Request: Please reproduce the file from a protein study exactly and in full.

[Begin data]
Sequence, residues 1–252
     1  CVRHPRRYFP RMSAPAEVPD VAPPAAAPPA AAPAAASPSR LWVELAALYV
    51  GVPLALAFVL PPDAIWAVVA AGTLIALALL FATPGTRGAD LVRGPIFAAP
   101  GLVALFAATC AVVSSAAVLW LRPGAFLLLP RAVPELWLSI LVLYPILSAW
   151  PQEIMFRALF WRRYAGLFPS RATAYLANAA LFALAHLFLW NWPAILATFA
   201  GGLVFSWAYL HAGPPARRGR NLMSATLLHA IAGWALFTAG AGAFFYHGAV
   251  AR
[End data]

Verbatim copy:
Sequence, residues 1–252
     1  CVRHPRRYFP RMSAPAEVPD VAPPAAAPPA AAPAAASPSR LWVELAALYV
    51  GVPLALAFVL PPDAIWAVVA AGTLIALALL FATPGTRGAD LVRGPIFAAP
   101  GLVALFAATC AVVSSAAVLW LRPGAFLLLP RAVPELWLSI LVLYPILSAW
   151  PQEIMFRALF WRRYAGLFPS RATAYLANAA LFALAHLFLW NWPAILATFA
   201  GGLVFSWAYL HAGPPARRGR NLMSATLLHA IAGWALFTAG AGAFFYHGAV
   251  AR